There are those, for example, who wish to censor any criticism of any view which they themselves hold. One who is skeptical of global warming, Darwinian materialism, gay marriage, and the good will of resident Muslims may find himself out of work and/or in court not just in Europe or Canada but also in the United States of America. "Bad thought" can itself become criminal which is the basic premise behind "hate crime" legislation.

There are those, primarily on the left, who would take away the freedom to voice whatever opinions one wishes in public, they would take away the freedom to express and practice religious beliefs that have been extant in this country for two hundred years, they would take away the right to keep and bear arms, and the right to run your business the way you wish, to pay employees what you wish, to hire whom you please and fire whom you please and to require your employees to dress in ways you deem appropriate. The left holds that individuals should not be free to create their own business or industry but that these enterprises should be owned, or at least controlled, by the state.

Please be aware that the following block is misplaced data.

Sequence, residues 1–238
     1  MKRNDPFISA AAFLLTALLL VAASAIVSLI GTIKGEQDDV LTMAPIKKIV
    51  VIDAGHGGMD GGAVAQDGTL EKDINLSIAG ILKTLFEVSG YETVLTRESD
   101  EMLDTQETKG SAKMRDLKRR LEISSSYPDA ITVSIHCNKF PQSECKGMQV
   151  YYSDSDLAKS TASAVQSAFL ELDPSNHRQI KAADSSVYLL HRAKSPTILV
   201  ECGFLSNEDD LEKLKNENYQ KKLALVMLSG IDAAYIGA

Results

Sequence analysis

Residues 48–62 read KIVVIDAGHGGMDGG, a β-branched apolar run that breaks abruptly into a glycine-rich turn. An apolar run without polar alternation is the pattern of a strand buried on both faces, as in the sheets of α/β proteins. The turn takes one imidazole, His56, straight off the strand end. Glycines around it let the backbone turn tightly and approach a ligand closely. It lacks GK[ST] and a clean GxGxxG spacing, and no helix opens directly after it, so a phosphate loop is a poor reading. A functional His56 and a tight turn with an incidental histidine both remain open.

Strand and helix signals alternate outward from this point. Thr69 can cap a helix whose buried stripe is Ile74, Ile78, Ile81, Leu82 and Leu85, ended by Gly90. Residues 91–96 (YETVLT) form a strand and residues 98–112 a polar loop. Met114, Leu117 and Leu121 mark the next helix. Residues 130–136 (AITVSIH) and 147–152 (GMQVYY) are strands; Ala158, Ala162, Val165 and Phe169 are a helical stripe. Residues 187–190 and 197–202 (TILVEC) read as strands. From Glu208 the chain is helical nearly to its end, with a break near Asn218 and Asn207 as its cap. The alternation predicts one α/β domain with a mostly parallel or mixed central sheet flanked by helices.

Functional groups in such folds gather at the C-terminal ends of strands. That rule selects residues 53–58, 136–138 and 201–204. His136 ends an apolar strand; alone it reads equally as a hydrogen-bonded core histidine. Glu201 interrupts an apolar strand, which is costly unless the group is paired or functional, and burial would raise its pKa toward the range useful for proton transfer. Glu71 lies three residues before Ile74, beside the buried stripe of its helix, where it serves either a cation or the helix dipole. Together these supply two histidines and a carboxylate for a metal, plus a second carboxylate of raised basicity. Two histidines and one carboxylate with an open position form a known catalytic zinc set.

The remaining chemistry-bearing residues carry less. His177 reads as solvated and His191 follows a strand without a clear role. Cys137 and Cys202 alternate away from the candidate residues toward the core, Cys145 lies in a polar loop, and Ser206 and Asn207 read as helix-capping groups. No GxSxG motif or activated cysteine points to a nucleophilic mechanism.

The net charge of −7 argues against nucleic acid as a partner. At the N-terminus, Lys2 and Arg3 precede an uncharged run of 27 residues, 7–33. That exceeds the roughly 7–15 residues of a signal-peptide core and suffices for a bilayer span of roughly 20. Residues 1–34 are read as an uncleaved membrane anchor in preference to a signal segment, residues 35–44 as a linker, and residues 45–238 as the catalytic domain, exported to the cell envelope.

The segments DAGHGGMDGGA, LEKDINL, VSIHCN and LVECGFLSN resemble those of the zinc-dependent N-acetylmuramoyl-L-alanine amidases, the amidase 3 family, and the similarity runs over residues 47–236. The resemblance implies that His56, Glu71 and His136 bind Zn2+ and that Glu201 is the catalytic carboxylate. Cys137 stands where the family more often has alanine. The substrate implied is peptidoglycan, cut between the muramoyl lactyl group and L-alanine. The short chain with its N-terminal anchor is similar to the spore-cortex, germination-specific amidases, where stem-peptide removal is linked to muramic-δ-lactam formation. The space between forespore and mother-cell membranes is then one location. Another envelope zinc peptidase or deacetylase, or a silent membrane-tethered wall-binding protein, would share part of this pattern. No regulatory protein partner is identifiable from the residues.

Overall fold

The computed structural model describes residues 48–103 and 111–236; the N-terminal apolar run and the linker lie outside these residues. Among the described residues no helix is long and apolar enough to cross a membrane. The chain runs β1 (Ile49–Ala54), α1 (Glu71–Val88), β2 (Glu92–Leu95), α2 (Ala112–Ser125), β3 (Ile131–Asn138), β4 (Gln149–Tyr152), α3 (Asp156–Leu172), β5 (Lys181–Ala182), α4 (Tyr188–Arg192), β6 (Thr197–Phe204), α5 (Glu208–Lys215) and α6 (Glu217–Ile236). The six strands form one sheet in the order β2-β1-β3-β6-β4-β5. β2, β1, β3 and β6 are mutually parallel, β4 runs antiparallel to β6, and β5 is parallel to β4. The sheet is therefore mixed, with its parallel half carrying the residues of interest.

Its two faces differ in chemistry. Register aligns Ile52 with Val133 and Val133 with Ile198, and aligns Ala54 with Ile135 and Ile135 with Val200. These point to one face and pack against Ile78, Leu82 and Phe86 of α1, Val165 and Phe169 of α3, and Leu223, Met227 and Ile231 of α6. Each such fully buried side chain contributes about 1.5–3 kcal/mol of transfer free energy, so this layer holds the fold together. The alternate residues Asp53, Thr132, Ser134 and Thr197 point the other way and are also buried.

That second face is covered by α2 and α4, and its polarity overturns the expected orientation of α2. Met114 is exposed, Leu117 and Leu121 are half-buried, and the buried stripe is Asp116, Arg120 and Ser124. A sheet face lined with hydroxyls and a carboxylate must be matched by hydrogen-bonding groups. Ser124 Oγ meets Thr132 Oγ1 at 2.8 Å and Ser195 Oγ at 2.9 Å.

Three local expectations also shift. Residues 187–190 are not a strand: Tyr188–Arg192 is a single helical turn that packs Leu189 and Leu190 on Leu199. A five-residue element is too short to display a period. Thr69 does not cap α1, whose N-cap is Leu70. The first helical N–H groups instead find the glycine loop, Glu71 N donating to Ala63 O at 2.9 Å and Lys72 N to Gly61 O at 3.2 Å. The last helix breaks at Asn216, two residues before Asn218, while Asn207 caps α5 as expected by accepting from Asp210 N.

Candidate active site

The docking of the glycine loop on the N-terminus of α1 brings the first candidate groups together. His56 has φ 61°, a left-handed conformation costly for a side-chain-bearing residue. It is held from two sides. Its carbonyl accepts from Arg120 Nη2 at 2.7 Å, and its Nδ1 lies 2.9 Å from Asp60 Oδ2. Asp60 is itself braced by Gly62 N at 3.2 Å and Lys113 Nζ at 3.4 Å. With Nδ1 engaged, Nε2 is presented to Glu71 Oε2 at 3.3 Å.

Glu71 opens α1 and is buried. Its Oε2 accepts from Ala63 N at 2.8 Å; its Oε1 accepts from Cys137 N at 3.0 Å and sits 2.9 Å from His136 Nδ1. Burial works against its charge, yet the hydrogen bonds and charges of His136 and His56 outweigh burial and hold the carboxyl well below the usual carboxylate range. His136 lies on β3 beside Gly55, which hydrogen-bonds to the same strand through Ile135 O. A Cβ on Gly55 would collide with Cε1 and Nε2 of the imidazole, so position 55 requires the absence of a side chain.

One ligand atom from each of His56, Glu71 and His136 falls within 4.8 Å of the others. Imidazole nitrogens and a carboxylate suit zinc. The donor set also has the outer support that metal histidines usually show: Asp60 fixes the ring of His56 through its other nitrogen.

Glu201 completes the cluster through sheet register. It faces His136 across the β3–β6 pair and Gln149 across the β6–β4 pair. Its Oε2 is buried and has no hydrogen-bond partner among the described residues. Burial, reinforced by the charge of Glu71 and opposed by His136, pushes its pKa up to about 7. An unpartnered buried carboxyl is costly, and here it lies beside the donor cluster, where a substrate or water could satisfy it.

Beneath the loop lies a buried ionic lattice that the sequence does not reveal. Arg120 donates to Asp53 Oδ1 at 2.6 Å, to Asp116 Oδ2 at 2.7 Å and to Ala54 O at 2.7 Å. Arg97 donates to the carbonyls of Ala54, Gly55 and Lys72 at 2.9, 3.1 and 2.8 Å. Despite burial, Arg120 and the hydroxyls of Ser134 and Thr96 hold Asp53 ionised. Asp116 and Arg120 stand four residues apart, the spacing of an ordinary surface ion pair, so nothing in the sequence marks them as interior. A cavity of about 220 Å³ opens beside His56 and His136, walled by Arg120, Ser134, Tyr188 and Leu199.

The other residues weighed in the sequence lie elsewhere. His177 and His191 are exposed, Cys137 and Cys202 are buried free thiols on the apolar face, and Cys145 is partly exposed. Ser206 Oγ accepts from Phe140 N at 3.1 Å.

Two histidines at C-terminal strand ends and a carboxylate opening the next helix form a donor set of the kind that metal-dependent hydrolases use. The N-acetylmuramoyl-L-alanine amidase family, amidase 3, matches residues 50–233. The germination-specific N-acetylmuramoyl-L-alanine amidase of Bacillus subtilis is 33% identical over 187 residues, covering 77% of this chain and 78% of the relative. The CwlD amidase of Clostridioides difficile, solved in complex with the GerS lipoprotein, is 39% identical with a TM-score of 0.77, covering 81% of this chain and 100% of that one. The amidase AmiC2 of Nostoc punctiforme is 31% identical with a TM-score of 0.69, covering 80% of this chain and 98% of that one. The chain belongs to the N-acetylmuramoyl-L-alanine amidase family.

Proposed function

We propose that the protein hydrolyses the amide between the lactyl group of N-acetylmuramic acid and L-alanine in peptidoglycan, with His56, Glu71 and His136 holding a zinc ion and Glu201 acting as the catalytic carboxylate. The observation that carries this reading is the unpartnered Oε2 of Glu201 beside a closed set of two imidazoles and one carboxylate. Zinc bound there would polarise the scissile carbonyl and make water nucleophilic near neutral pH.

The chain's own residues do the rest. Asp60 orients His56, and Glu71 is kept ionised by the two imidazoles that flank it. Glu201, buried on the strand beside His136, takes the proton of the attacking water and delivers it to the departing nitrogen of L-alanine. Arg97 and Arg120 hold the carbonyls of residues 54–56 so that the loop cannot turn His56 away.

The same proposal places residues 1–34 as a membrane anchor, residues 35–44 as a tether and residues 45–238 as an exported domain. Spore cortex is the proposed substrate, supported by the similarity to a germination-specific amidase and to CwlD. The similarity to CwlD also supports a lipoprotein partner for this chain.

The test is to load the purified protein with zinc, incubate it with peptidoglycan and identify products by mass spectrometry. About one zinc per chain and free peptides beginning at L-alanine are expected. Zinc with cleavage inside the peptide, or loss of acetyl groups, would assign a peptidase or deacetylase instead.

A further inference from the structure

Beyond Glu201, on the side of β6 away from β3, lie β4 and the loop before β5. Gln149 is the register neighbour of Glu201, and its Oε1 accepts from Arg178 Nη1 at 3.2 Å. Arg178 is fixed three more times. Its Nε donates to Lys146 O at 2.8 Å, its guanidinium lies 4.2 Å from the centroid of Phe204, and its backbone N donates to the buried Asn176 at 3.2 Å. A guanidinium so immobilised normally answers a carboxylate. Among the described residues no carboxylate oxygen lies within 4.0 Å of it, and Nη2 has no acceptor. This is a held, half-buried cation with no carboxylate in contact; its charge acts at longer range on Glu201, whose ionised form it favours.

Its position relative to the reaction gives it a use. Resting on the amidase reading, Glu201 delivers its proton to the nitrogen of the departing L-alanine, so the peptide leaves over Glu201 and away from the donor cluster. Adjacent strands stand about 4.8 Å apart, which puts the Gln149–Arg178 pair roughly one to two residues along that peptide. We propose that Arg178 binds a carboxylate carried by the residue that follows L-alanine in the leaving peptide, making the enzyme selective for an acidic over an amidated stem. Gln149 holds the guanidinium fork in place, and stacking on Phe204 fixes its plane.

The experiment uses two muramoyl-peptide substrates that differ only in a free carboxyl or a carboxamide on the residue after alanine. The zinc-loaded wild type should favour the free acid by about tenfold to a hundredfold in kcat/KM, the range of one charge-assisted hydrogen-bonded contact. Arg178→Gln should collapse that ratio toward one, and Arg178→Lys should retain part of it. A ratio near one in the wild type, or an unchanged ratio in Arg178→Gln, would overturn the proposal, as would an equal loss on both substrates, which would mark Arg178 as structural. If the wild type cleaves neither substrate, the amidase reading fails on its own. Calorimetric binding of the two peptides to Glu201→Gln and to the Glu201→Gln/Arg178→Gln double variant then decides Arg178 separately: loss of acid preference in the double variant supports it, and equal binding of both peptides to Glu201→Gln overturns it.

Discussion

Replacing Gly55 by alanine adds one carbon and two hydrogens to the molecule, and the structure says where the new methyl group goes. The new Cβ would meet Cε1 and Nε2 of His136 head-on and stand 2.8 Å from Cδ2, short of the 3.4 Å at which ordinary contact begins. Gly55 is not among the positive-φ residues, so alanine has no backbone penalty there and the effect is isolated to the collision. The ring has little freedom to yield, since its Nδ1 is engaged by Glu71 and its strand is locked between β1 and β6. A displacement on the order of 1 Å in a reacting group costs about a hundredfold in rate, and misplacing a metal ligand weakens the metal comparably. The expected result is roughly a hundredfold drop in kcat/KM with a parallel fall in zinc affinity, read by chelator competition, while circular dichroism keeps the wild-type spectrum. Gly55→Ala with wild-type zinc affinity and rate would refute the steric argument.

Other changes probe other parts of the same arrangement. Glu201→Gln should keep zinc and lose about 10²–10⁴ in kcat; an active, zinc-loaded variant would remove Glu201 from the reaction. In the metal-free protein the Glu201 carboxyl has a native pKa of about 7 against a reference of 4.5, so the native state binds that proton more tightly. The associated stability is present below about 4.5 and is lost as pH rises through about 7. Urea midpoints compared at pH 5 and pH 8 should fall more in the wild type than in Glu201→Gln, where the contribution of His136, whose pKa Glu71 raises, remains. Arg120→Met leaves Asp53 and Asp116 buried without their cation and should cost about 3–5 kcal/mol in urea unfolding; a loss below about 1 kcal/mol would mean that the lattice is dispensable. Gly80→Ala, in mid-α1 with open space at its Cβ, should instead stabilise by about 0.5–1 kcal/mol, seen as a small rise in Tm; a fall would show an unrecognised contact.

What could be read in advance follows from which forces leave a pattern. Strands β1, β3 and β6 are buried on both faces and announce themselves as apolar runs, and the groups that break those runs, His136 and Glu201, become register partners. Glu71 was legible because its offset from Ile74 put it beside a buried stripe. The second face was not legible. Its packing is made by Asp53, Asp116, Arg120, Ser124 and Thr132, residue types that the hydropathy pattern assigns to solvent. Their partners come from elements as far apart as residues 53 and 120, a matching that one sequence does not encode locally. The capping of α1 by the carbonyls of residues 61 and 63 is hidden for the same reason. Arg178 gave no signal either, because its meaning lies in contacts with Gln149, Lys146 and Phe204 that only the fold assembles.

The left believes that law and policy should be made by the courts, not the Congress, because Congress is beholden to the people and the people just don't know what's in their best interest. Thus lawmaking becomes an exercise in futility when the left is in power because a law which the people want but of which the left disapproves will be snuffed out by the courts which are frequently sympathetic to the leftist point of view. Congress in the hands of the left becomes little more than a tool for preventing the wrong people from getting on the bench and for making the lives of executive branch officials of whom they disapprove miserable. For the left the Bill of Rights is not a wonderful guarantor of our freedoms and a bulwark against an oppressive state, rather it's only value is as a tool to be used to undermine the traditions and will of the majority. Otherwise, it's an impediment to creating their vision of an ideal society.

To be sure, the right would curtail certain freedoms as well. In their view, the right of free speech should not give people a right to use obscenity in public and publish pornography. They think the right to do with one's body what one wishes ends where the welfare of others begins. They believe that the right to do in one's home what one pleases doesn't confer a right to let a dog bark all night or to play the stereo at full volume. They believe that a criminal's rights to due process do not outweigh the rights of citizens to be safe on their streets, and they don't believe freedom of religion applies to just anything someone wants to call his religion.

So where is the fulcrum along this spectrum of views? On this day when we celebrate the unique American experiment in liberty we might do well to reflect on what principles help guide us in deciding how we balance liberty and responsibility. Where do we place the pivot between individual freedom and our obligation to society, and why do we put it just there? Do we lean toward freedom or do we lean toward statism?